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THE BRATTLEBORO DAILY REFORMER. -.THURSDAY, FEBRUARY 9, 1022.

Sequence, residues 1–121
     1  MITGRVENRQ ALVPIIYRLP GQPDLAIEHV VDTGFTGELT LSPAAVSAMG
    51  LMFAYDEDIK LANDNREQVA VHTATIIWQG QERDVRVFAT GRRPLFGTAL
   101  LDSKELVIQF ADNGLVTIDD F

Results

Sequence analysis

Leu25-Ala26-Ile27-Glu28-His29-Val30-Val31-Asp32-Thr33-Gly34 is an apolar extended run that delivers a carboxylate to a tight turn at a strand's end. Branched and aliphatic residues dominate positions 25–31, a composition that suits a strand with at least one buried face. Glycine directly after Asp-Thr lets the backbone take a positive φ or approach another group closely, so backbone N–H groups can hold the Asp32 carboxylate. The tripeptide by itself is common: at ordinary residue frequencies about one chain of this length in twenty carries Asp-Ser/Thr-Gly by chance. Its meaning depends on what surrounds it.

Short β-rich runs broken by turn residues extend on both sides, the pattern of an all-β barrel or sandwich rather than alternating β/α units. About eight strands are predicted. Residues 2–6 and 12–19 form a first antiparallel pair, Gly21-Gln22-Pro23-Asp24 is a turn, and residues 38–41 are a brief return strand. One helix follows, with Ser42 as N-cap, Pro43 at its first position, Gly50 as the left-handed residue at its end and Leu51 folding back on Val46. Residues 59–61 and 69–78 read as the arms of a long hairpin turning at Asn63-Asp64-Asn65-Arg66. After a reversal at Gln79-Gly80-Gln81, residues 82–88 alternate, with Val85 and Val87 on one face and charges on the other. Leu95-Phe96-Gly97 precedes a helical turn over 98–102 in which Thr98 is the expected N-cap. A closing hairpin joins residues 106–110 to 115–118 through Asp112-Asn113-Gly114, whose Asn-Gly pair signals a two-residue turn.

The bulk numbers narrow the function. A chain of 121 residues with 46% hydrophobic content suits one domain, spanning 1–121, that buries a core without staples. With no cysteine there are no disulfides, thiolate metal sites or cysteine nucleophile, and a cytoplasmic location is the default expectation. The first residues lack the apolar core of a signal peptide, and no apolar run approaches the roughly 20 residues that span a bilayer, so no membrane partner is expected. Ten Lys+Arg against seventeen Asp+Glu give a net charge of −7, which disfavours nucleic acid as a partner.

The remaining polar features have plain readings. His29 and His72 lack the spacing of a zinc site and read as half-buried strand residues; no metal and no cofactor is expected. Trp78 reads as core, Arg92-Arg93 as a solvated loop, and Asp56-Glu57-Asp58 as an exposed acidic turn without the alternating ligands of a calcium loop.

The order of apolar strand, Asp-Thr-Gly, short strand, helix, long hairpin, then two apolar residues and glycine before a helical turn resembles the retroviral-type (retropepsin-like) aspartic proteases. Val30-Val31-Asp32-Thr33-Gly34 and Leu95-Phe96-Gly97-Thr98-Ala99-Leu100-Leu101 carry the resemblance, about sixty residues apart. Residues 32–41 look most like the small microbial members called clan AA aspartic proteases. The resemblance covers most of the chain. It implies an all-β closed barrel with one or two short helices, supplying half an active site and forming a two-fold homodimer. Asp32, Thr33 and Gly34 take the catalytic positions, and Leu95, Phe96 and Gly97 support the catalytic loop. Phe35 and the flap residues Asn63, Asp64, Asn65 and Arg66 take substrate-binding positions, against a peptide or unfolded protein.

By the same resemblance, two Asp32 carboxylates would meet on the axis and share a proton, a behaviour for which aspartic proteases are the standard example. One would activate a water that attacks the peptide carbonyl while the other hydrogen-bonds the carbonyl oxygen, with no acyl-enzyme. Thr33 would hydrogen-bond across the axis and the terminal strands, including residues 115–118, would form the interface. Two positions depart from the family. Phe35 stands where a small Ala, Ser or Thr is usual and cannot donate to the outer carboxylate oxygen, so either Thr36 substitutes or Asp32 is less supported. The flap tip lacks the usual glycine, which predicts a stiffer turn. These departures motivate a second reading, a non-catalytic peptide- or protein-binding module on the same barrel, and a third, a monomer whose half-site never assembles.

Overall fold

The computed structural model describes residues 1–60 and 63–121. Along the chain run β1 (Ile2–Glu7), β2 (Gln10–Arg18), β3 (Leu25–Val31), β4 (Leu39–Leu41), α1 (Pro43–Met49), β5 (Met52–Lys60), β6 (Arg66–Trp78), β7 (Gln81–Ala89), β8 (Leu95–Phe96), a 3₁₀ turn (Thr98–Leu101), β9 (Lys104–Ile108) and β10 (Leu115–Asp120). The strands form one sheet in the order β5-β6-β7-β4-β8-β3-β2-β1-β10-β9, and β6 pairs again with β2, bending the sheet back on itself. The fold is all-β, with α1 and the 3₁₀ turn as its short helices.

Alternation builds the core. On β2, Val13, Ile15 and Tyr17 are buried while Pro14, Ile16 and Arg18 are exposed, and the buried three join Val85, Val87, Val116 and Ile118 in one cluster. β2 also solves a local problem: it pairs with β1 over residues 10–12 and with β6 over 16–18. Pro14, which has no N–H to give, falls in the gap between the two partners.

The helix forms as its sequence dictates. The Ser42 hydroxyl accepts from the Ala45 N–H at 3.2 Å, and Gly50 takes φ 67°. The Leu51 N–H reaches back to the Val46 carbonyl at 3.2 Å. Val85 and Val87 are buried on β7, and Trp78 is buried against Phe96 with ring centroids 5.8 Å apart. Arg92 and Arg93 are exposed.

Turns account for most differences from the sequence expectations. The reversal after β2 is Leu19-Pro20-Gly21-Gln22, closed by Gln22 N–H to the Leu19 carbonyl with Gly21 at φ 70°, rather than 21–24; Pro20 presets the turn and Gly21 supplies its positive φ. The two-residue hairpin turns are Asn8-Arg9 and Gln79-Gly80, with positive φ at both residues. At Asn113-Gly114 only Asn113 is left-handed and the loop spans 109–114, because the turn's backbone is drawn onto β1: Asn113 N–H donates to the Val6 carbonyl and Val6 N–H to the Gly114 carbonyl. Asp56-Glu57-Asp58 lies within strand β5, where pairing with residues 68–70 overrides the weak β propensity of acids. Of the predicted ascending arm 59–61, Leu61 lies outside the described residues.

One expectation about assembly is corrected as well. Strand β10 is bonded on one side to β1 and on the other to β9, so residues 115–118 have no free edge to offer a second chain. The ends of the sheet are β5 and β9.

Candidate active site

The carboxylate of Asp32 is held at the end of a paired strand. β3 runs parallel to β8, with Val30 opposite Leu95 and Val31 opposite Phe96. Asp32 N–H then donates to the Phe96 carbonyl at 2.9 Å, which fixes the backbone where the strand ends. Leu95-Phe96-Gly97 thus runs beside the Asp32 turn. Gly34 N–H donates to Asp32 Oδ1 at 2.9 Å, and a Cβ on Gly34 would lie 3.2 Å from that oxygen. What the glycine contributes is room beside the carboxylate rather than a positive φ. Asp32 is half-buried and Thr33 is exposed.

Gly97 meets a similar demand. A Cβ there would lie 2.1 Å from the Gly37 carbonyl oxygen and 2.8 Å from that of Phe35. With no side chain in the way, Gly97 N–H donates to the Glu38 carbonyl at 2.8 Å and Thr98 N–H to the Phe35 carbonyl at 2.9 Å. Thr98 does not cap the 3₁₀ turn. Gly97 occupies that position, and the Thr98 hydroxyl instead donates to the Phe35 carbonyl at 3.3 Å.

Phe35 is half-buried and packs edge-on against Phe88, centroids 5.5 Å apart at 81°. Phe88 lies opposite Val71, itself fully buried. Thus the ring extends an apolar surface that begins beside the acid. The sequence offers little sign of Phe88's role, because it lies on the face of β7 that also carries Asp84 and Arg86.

2 i f X t I I DOCTOR ORDEREI WOMAN OBEYE Took Lytlia EPinkham's Veg etable Compound and is Now Well Chieapo. Illinois.-" You Surety' cave' women one pood medicine wtien you put Lydia 1-;. rmKnam a llVeeotable Com round on the mar ket. After 1 had my baby 1 was all run down and sor.e-rvoas it kept me from gain inf. Mv doctor did jcvvrvthmg he could !to build me up, then I he ordered me to tako ; Lvdia E. Pmkhani a ; IVetretable Com- I L1 pound with hi--? mod- icire and I am now a new woman. i j ha had three children r ml they are all i Lydia K. Fir-kham babies. 1 have rec ommended your medicino to several friends and they speak highly of it. ou are certainty doing Rood wont m this j Vol Id "-.".h-S.ADUITilTOMSHECK,lU57 j Wabiu h Ave., Chieacfo, Illinois. ' 'I here is nothing very stranw auuui .1, .V. l.::ir 1 !.-.- T.vdia il-t-eiing OlIS. luia.-'iicin iv I"! Pinkham'3 Vegetable Compound. There are many pnysieiaiis who do recommend it and highly appreci ate its value. Women who are nervous,- run down, ;.nd Raftering from women's ailments ..,,.,-,'.- rrivo'ihl well-known root ana herb medicine a truu towards experience health. -IN il! PURE 'tf&Y- FRUlflSS i vr, - '4i i-ort 1 Alt j) 17XIK WINN FLAVOR m ST AWAHD5 ERIC AN AND EUROPEAN EXPOSITIONS m IA2ESISFimG BRAND m IN THE UNITED SD1ES 32 FLAVORS AND P FRUIfTI-FUNCfl ' -ri f "tfTsTf mm TO HAVE TO HOLD THE PAPER ill order to read is a sign that close no your ejes need the assistance of glasses. Such reading causes eye strain, bead aches, wrinkles and other unpleasant things. If you cannot read with com fort a paper held, at a proper distance, route ami have us examine yt.ur eyes for glasses that enable jou to see as you should. ,yyCorroMr?srs) WMchCosisMore? To Have Insurance and Not Need It OK To Need Insurance and Not Have It. GEO. M. CLAY General Insurance Agency Caak Lloik Urattlehoro, Vt. Passenger and Baggage Transfer LOUIS I. ALLEN iC" a,: y- I It, I shulJ nuns you t I -, 1 'ii'.iri-irr-.-rii.xrxii:i::ilxr' tlT?l L t r m m m -i . rv m ... Ry 17 HIGHS AT am: 31 .V-. --... -i-,f , -mhhb -fii unniiirirtiM " published Every Evening Except Sunday at The American Building Annex, Main Street, BraUleboro, Vermont. Address All Communications to The Reformer. TERMS OF SUBSCRIPTION Single Copies Three Cents Delivered by Boy One Week .... One Month ... Three Months Si Months .. One Year One Week .... One Month ... Tlin-t- Months Si Months .. ( ).ie Yeac ... . Eighteen Cents Seventy-five Cents Two Dollars Tour Hollars Eight Dollars By Mail . . Eighteen Cent Seventy-live Cents One J)..ll:ir and a Halt .... Three Dollars ...... Six Dillars l;.ntrred in the postoffie second class mallei. at P.rattW-boTO as v The Rifnrirrr Telephone Number is 127 r.usiness OfT.ce and Editorial Rooms. IV, Member of The Associated Press. Th Associated I'ress is exclusively en ilthil to the use for publication of all news 'i si aicln s cte.Iiiol to it a n.l not otherwise ciiiliftd in tliis paper luiblisbfj hi ri in. and also the local news TO ADVERTISERS. Ti-in- b iit mli -ertisina Run of paper, SO cents an inch lor first insertion, .10 cents an inch for 'i suliseiiiirtit insertion. Limited space on J,i st pa. ye at double rates. u:tt p r:it,-s on annlication. Classified advet t ie nient s Five cents a line frvt insertion with Stl tier cent discount for en -h subsequent insertion without change d cot.v. Minimum charge 20 cents. Cash with crder. Read in;; Notices Twenty cents per line first in-irtiou with 50 per cent discount for eacli subsequent insertion without change of copy. Reading notices are published at foot of local items. TO THE SUBSCRIBERS It is the aim of the management to assure efticient service in the delivery of the paper ni' lit. ami it solicits the co-operation ol subscribers to that end. Prompt reports should be given of each failure to receive the paper on the morning following the omission, in p-rson. by telephone or postal card, thus en abling the cause of the error to be promptly ami accurately discovered and the proper rem edy immediately applied. It is only by this method that the publisher can secure the de sired service. The Rcfomer is on sale every evening by the following news dealer?: BraTtleboro, Itrattleboro News Co., C. YV. Cleaveland, S. L. l'urinton ( Estey ville;, Brooks Mouse Pharmacy, Allen's Depot News stand, Gilbert J. Poliica. 297 South Main St. i.Kort Dim mer district!. West Brattleboro, J. 1.. Stock well. East Dummerslon, M. E. Brown. Putney, M. C. Williams. Kewfane, N. M. Batchelder. West Townshend, C. 11. Grout. Jamaicit, R. J. Daggett. South Londonderry, i'. If. Tyler. South Vernon. E. B. Buffum. Hinsdale, N. H., W. II. Lyman. Greenfield, Mass., Greenfield News Co. Greenfield, Mass., C. A. Hays. TIH IiSDAY. I'EnurAItY , 10 ;00! FAITH WITH CHINA. China, afte;- all, is getting a good deal out of the Washington conference more than the Chinese or anybody else might' have expected. Japan makes good on j her repeated pledges to withdraw from ' SI. ant ang. and the conditions established seem reasonably fair to China. ISritain ; gives up l.er leasehold of Wei-IIai-Wei, ' ,Hitl France may retire from Hwang- I'iimi'. The "open door" is to be main- : ,;neil, and kept wider open than ever j -,t.f i( a fact of primary interest to' fh- cations outside, but also a sort of .... .. .... ,i,s;!v;.nce against C hina being gouoieu ;up hv any single power or coalition of v crs. f oreign psiomces are to te withdrawn Jan. 1. ll2:i. Foreign radio sitions established on Chinese territory 'Ailbout Chinese consent are to be sur- re-idertd. Foreitrn troops in China with out treaty sanction are to be withdrawn. .There is to be foreign co-opration, of a nature not wholly selfish, in ing the country, and publicity develop- f.ir for- eign commitments affecting Chinese in , terosts. Other concessions of a minor nature mostly follow the same policy. j Here, for the first time, is a consider- able reoignition of Chinese .rights on the A representative of the Knights of part of other powers, instead of the or- Labor, speaking before a Massachusetts (linary cold-blooded arrangement to legislative committee this week, declared i plant themselves more firmly in China that the movie managers were all right; for exploitation purposes. This is a it was the patrons who needed regnlat ! moral victory as important r.s that of ing. Perhaps he is right. Especially 'the naval limitation plan. It is also are we inclined to think he knows wliere j round policy with respect to future of he speaks when he suggested that i world peace. .laws should be passed providing for the ( UOSSfNt; C.ATKS THAT HOI It. A now si vie of crossing cate snfn- c:eiit!y strong to prevent a speeding v !iil from crashing through onto the tiack.-- has just bent installed in Chicago-. Orrclabt ..f the elevated railways are s.i i f (iiifi.ient of the sneers ; of these barriers n,.q,iei;t tueven; ion that more are apt to he set t'o its soon ns they can be built. The gales are mad of steel cables an 1 equipped with brakes, weights and springs which are brought into action by pressure against them such as would be created by the impact of a speeding motor vehfcle. It is said that they would s(;p a motor car or truck driven against then at any speed, before it could reach the tracks. Tests made thus far uphold the assert ion. Although the gates are very costly to construct, it is said that they will justify their cost in the pro tection which they will offer at grado crossings, draw-bridges and other danger ; points. The sounder the safety device. tne ir.ti.r- s.i h.n ns the dancer n.unt ex ists, lint no barrier, weak or strong, j will make a grade crossing perfectly safe ; nor should the installation of such devices, no matter how valuable, be al lowed to interfere with the gradual elim ination of the grade crossing vnerevcr it may be found. IP, us. furnishing like many other things always in the midst of some "period" or other. Hoes your memory take you back to the black haircloth and whatnot era. the cottage organ and the .marble-topped center table? Was your I early life spent with flowery carpets, green rep or red plush parlor suites with the snow from sidewalks and streets, three tidies: to everv chair? It matters having as an object lesson the conditions . . , ... , '., . . . , following the recent heavy nowsto:ln not how beautiful the interior decora- wh B0. wfls allo-.M, t( reniain tions of our home may seem, sooner orinPapvj up on many a sidewalk in the later if we would be "keeping up with " national capital a week after it had Lizzie" thev must be replaced by oth- fallen. He has introduced a bill m con A - : t.-. Kress, fixing a penalty of for failure eis. v, c ... ,,.. o sas newspaper terms the overstuffed" Isn't Tic? Af mid fihn Will . M - MX Vs,s. period. "Overstuffed ' davenports and their satellites." says the writer, "will go down in history as the farthest ad vance of the elephantine or rhinooerean period of home art. Their beauty is akin to that of an abdominal bay v.indiw and the four-ton truck tire." However, the editor cannot deny that our present day overstuffing is more comfortable for the tired business man than the old time haircloth sofa which in cold weather leminded the ftn J,.y sidewalk. Kven sitter thereon of if the mastodonic proortions of crowd a little, our modern furniture do the motto of the house- v.ife now is and probably will some time to. come: ."WHat is be for home m ithout a davenport V The extent of deflation of farm prod-j nets in Vermont is indicated in the re- ' it i ,r l...,t j.t report prepares d v . n. .h.mkh the publicity department. That report snows me jir.'om-i wu o ....... spring wheat, barley, buckwheat and po t a toes in Vermont in 11)21 was r.!H.MMi bushels greater in 1P21 than in 1020, but the farm value of these crops was 2.010.000 less. In other words. Ver mont farmers received $2,010.MM) less for growing ll."47.0OO bushels of crop; in liC'l than thev did for growing 10.- ".";. HID bushels 1020. Undoubtedly in they hope they have :iu crvp production. attained normalcy i "muzzling" if people who insist upon !ieating ail me screen captions aiouu. An automobile with runners attached for traveling snowy roads would appear to - a praethal thing if it can always work as we.l as the one at St. Johnsbury, in which its owner recently drove a doc tor answering a professional call from that towrt to Concord." Vt., a distance of abr.tit 10 miles, in 20 minutes, scaling several six-foot drifts in this speed sled. Vice from a t io vis I'rcddtMit Coolidge is suffering broken toe. the result of striding oronsly against a piece of furni- tare in his apartment Saturday night. He will have the silent sympathy of thousands of his fellow countrymen and a lot of them will wonder if he made any "remarks. " The voting men of Rutland should ap preciate the work which a cooking class of over o0 young women of that city is doing for their future happiness and di gestion. Ilesides snipping red tape Judge Howe seems to be stepping on the gas a little, too. At last accounts he had just i-e'.t'cd 21 cases in 4S minutes. There's morning a little daylight ti be if. yon are so inclined. saved Dr. Fropp's Missouri mining proposi tion seems to need propping up. . I We Could Show Tliem. j , (Harre Times.) j Senator Dillingham proposes to make the people of Washington. D. C. remove . live to thp requirements of the proposed law. What Washington needs Lose Her Annctite? -f'ir..slC'- . .... S --il-: i n crowd of road breakers from mont; they would at least show the way to get rid1 of the snow. Bates for Senatoiv (Burlington Free I'ress.) A heated controversy has been con ducted bv various newspapers relative to the possible election of Kond Commis sioner S . Hates to the next senate. The wide knowledge of state all airs gained by Mr. Hates would en.'ble him to perforin splendid service for the state, and we hope to be able to welcome his I election to the upper branch of the leg is- ; hi tu re from Oilcans county, as a chant-, pion of econniy. and cthe.eiioy in state departments. Takes Some Nerve, (liarie Times.) Ski jumpers in the amateur events held at lb-attieboro recently, attained a s.eed of a mile a minute just before the ! take-, IT and one ot them iaun ma out into space for a pern id of two und twj 1 thirds seconds ami for a distance of l."i i f.i..t n teoorrl for eastern Fnited State-.. Not all the deeds of nerve and courage are recorded in wr.r. it (itK.d Old Winter Time. Plain old partv, siinjile fellow, Wtio to Wall street might appear Like a tleecy lamb that really It Vould dearly love to shear. Has a shrewdness most sublime In the good old winter time. Then he conies in guileless seeming, While the breezes fiercely blow And your fire for lack of fuel On the hearth is sinking low. And he makes his business rhyme With the good old winter time. For at ten per cord he sells you Stuff he dignities as wood Green of course, but still his conscience Lets him represent it good; And his conscience gathers grime In the good old winter time. Yes; it's beech and birch and maple, As he said, but mostly beech, And your four-foot measure strangely Doth the running cord outreach; Hut he won't come down a dime In the good old winter time. i That" it's principally branches Doesn't cause him any tdiumc That s the way trees grow, he tens you, And he's not a mite to blame. And not chargeable with crime In the good old winter time.. And you might as well not grumble, For he doesn't think it nice, And he'll take away the wood, sir, If you will not pay the price; And he's got you in this clime In the good old winter time. Georgia White. And He Did! I'M GOING OVEftTO !E M3S SMITH SURE AiNO CML FOR ME AO" rkz i By MORRIS 1" n 1 ' Will Today's Events Festival of St. Apollonia, the patron ess against toothache. . . Twentieth anniversary of the great fire which laid a large part of Faterson, N. J., in ruin Student teams of Whitman college and the liiiversity of Washington are to meet for their annual debate this even- Hundreds of lovers of winter -sports are expected at Hanover. N. II.. today for the opening of the annual mid-winter carriivul.. at Dartmouth Vcwllege, ( t . The Fresident and Mrs. Harding have issued invitations for a reception at the M,i e nousc tnis evening in conipi.mem . .. i- to the niemlwrs of botn nouses ot nn- gress. The meeting of the foreign minister of France. Great Britain and Italy to discuss Near Eastern questions hns been tentatively fixed for l'aris today. A delegation of women will wait upon the prime minister oi iucnoc nmaj i" Protected by George Matthew Adam Vor-. t," , , , -,) iii in i plead fr legislation giving Itieni tne i,rusi.s. brushes f other kinds, dental j W.w Willvum. dot von da- t;i"-p -right to vote in the provincial elections, j ul,,,jes toilet preparations and will en-)W;t, tnat clock, dont vou onteh it r Tnr IIiir..n t on i b ( Senator : r--; in it!ier business of a like charac- mull luive ?t nut of nr-lcv. pe l r"-t. fi- ' Charles E. Townshend of Michigan is to begin a speech-making campaign for re-1 n imination and re-election to the V-nited j States senate. With a speech before the Ohio Ant i-; Saloon league convention at Columbus today Judge Florence E. Allen tif Cleve land is expect c to launch her eandi- dace for a place' on the Ohio supreme bench. I The first annual convention of the Hankers' Association for Foreign Trade,! meeting in Ch vclaud today, will give it attention to plans by which iuland banks with foreign departments can work together to facilitate foreigu trade. Iu the Day's News. Sir Anthony Hope, who today enters upon hi tlOth year, has long ranked among the most brilliaut and successful Englishmen of letters. His real name is Anthony Hope Hawkins, "Anthony Hope" being his pen-name. After eom- lll I Nlj; JILT i.111,111 .1 41 1 V'JllVll III' IIIIIH , - novelist took up law and for some years! if,,, effort which is heing made by t lif engaged in the practice of that profes- j.,i,uui Woman's club, through its civ sion. Iut almost at the very first he j.,s comiuittee, to have n woman police had a longing to enter the profession of. ,,ffieer in this city was indorsed by the literature.-, In this ambition he was not,'rih at its regular meeting Tuesday aft however, immediately successful. Far ernoon. No announcement was made as from it. Ife had written and published f0 v.hat steps would be taken toward pro many stories before The Prisoner of curing such cn official. A police woman. Zemia brought him fame. This novel he or p dice matron, is now an established published in 1X01 and its success ''was so 'position in many of the cities of the marked and instantaneous th.it the art-1 country and for some time the Woman's thor immediately gave up his legal praC-as been considering the feasibility. lice to devote himself wholly to liter-1 nf ndonlimr the nlan for Rutland. Last nture. Since that time Sir Anthonv nas written many successful -novels and also attained fame as a dramatist. nas Today's Anniversaries. 17CJS William King, first governor Maine horn nt Scarboro. Me. Died at linth. Me.. June 17. 1S."2. ISOl lionaparte dictated the Peace of Luneviile. bv which France made rrra-t croin r the exnense of Ans- r..: -... tria and Germany. S.2'2 James Pnrtc-n. one of the most successful of American biograph ers, horn at Canterbury. England. Died nt Newburyport, Mas., Oct. 17. 1S01. . Rev. Charles I. Storrs wns in augurated first president of West ern Reserve college. 1S70 1 nited States signal bureau es tablished by act of congress. 1S72 The Royal Geographical society scut an expedition to Africa to find Livingstone. , ' lfs7." -Pope Pius IN. again appeared at St. Peter's after an absence- of four years. 1020 The treaty giving Spitzliergen to Norway was signed at Pari.- One Year Ago Today. Congress in joint session confirmed the vole ot tne electoral college" and u? j dared Harding and Coolidge president and vice president. Today's Birthdays. Amy Lowell, noted . as author and poet, born at lirookbne, Mass., 4S years ago today. . ' ' . George Ade, noted humorist and play wright, born- at Kentland, Ind., ;u years ago today. George II Sfose?, United States sen'a RipplingRhijKiGs I'OOIi SPOUT A fad comes up and then it tlrojis, its destiny pursuing; and friends who late wej-e buying hops are tired of basement brewing. Last enr the hops and raisins stores nil day 'and night were busy, the Tired Clerks jumped around the floors uiilil their heads were dizzy. And patrons eiimcd home the hops .and straightway . went ' in brewing, prodm-in;; nitieh i:n!tiy slops that threatened tln-ir iiiuloin. The home brewed stuff was sometimes pink, and sometime. green or yellow ; what e'er its hue, one giwvl long drink would paralyze a fellow. Homo brewers wearied of their graft v hen it. was fnitly started, and front their basements iptite a 'raft of brewing junk wa- earteil. And now there's no demand for hops, exeept for proper uses, no patrons buy them in the shot to make illicit juiees. Thus one great sitort has petered out. for it was vain and hollow, and soon or late, no nan eati doubt, a'! kindred sports will follow. Just now smart aieeks think it cute to knock the law to pieees, and buy punk gin from some galoot who packs it in valises, lint when they see. their neighbors die from drinking poisoned whiskey, they'll think it better to go dry and be alive and frisky. The ghost of liar leyeorn will wend around us for a season, but all the lawlessness will end as people think and reason. Copyright Ly Ccorge Matthew Adams tor from New Hampshire, born at Lubee, Me.. r.' years ago today. Mrs. Tati ick Campbell, a celebrated aeiress of the English stage, born in London o7 years ago today. Joseph J. Mansfield, representative in congress of the ninth Texas district, born at Wayne, . a., 01 years ago today. .VERMONT NEWS. The name of Dean K. Lillie, retiring member of the Montpelier city council, will go on the ticket for mayor at the March meeting, as the result of a vote taken at a preliminary citizens' meeting held Tuesday evening. Word has been received iu St. Albans of the death of Mrs. Km ma Smith Dav ennoit. wife of the Ilev. W. 1C. Haven port, superintendent of the St. Albans district of the Vermont Methodist con ference. She died at the home ot lier daughter in IMattsburg, N. Y. The Ilethel Co-operative creamery has bosun business with irj patrons, of whom I so are- stockholders. The first sale oi the new cwieeru was a ouantity of sweet cream luppea to ionnecitcut .uoimuj . . . . . , . - . S , 1 . - i night. The creamery has a market in Hovaim for .utter ami neutcnatei cueese. M. 1!. Carnenter., president of the Vermont Society of h.nj:ineers. La ap no'intcd V. II. Crandall. W. M. Towle and A. Z. Kieslich. all of F.uilington. a ii committee to make arrangements for a meeting of the society to be held at the Ifnrel Vermont in liurlituitoii March 10 Frank Towne, 10, of St. Johnsbury snfiered' a gash on one temple and i bruised kni-e when & traverse ou whiel J he was d r against sliibn? swerved and threw nun the risfht rear mud guard of an nntornobile Sunday afternoon. 1 ne ileiver of the car was I'aulinc K. Han dall of St. Johnsbury. H. Kltinge IIre'd of New York city an expert in road ami street construe lion .'is to have charge of the hve-year lirograni of road construction in liurljng i ton for wtucu itie voters rec--iiiij itrfivfii Muni i..u'. 1 or . Mr. lireed is to receive two ( per cent i .."i.OOO. of the total appropriation, or Articles of association have been filed with the secretary of state by the Foun tain Toothbrush corporation of St. .t.biisl.iiiv which will engage in the : manufacture and sale of f ountain toot n- P--g ter. Over 1,."00 people, packed into every available nook and cranny of the Rut land armory, listened Tuesday evening to lectures and vocal and instrumental ncisic sent out from Newark. N. J. iiti-hiiridi. 1 'a., wire'ess telephone and sta- tions and received and reproduced in this ciH by W. li. Williams of liostou under the auspices .of the "Rutland chamber of. commerce. Curtis' Cram. 41, of Lincoln, living with bis three children in the north part of the town, was found dead iu bed Tues riav morning by his youngest Win ! fred, who on waking about (.:;o. failed i arouse his father with whom he slept. Mr. Cram's wife died with influenza three years ago next March. Siuce her death. "Mr. (.Vain has carried on his farm end mad a home for his three children. Julius, l.", Anuabede, II, and Winfrod, 4. vo,r The club carried tnrotign the cur- f nrotect. LAZY RESORT TO SLANG. of Desire for Emphasis Causes rigiirative i ,,rii , n i?a I 'vel hv tbp Careless. 1 . French riang .s of a uglier qtiniity tnan i.n is.i m.ui, v m. . r . . ....... but little since its invention, accord. n to 'Dr. Clarence Stratton. director of l.ng- lish in the Cleveland public schools, lliej French slang is more suggestive and more; pietnresoue ; it's clever which English slang often isn't, Dr. Stratton said. j "Take the case of Gevrge Ruth, the world's champion home-run hitter, for instance," the director continued. "To call hiin Rabc and then to translate P.abe into llambiuo there's -nothing clever in that. lint the man who first culled a left handed pitcher a south-paw had a real idea. Likewise, to say a pitcher has a glass arm is clever and descriptive. "Has somebody banded you a lemon? That's an ancient bit of slang. Like wise, to find yourself in an awful pickle. ProbaLlv both expressions originated be- cause of the sour quality or lemons ano pickles. They are expressive and sug gestive. The boy who first called a girl a peach also had a real idea. "One of two things always happens to slang. It is discarded quickly or it is in corfKirated into the language three or four generations later. "Slang originates in a desire for em phasis. Seeking emphasis we resort to figurative language. And figurative lan guage at its best becomes a figure of speech." Dr. Stratton said he is not an advocate nf fdatig. A constant use of it is the re sort of the man or woman too lazy to seek out the proper words. We cot a new setting room clock ves- tidday, being a big round one that plays a tune every 1.1 inintiits so evertbody can tell Us 1j m;nnits later, and ma dident say enything to pop about it so lie woidd be serprized, and after suppir he started to reed the spoart.ing page in the sitting room and the clock played a tune, pop saying. Hello, wat the dooce? Wich jest then ma catc in with her hat on waiting for Mrs. Hews to come and go to the movies with her, saying, Iz.eut that h:wt:fill. Willyr.m? I t;ot that this mornirii with i-.iV tobacco kewpons. arent yon glad voti saved them for me? Its unite a clock, scd vo. And he started to reed aijrert and pritty soon the eim'k played another tunc, pop sayim.-, Ifello. the darn things out of order a!l reddv. It is not. eertenv its nd. its supposed to do'that everv lo lnituiits. thats -wot vou call the chimet.. scd ma. and nor said. IX veil uieeu to sav I haff to lissen to them everv miitn'ts? and nia ed, Ccr te"V. theyre bewtifdl. Theyre all rile, miy wen vouve herd them once vou dont feel like heering tliem ageu 1.3 minnits later and so on indefinitely, sel po:. how am T uoiog to keeti inv mind on wat Im reedi"? Now Willvum dont b ahser.l. theyre the chimes, scd ma. Well I dont rued m;v chiioes ringin" over me. I in not sick or cnvthiiig. scd pop. .and mi.i s-d. Now -Will vim, Ocits a tK-rfe-kfv bewt'fllt" cioek' avd llu'vr" Dertecki.v oewtiiill domes and its eer tenv dissappobit inr to lire vou cyrv " about them after I stood in tb-,t dredti'l mob 2 hours to Lave my kewpons re deemed. Im not savi" cvth-n-r. "-it a'-' T avincr. the cloths all rd- s,id uo. And he cot u and started to look nt it c'o. saying. Hello. Leers a little cininrck to make the chim-'s stoo ri"ai,"r, C thata ji tote ulcer, thats swell, its a grat-j j v,-u,z por scd. vlio s tooteuiroT it. ifn tt- j toiitchin-T it. And h" sfart-d to r- l ; agen and "Mis. Hews came and tua -"'-'it out and the chimes rang more times and then pop got tip and torned them a-l kettn on rcrding with a LapPV I,,- s. ion. Flowers as National Emblems. In Greece, where flowers have "al ways held a position of Importance, the vit.ltt has been designated the na tional enddem. Daly has chosen the white lily, Spain the pomegranate. France the tteur-de-lls and Switzer land the rare edelweiss. Don't Be Bald How to Make Hair Grow Strong, Thick and Lustrous. If your hair is thinning out, don't wait another day. but go to Root's Pharmacy und get a bottle of Parisian sage, t he truly efficient hair grower. Dont say: "It's the same old story; I've heard it before," but try a bottle at their risk. They guarantee Parisian sage to stop falling hair and stimulate a new growth, banish all dandruff and almost instantly slop scalp itch, or money back. Parisian sage contains just the ele ments needed to properly invigorate the hair toots. It's a prime favorite with discriminating women because it makes the bair so soft and lustrous, and annear twice as abundant. Par.sian sage is inexpensive and eas- ily obtainable at all drug stores. Adver m tisemeilt. Get at the Real Cause Take Dr. Edwards' Olive Tablets That's what thousands of stomach sufferers are doing now. Instead f taking tonics, or trying to patch up a poor digestion, they are attacking th-j real cause of the ailr.ient---cloi5rgtd liver and disordered bowels. Dr. Edwards Olive Tablets arou;; the liver in a soothing, healing way. When the liver and bowels are y.r . forming their natural functions, awe goes indigestion and stomach troubles. Have you a bad taste, coated tongue, . poor appetite, a lazy, don't-care 'feeling-, no ambition or energy,. trouble with undigested foods? Take Olive Tablets the substitute for calomel. 1 Dr. Edwards Olive Tablets are a purely vegetable compound mixed with olive oil. You will know them by their olive color. They do the work without griping, cramps or pain. Take one or two at bedtime, for quick relief. Eat what you like. 15cand20c ST01CH UPSET?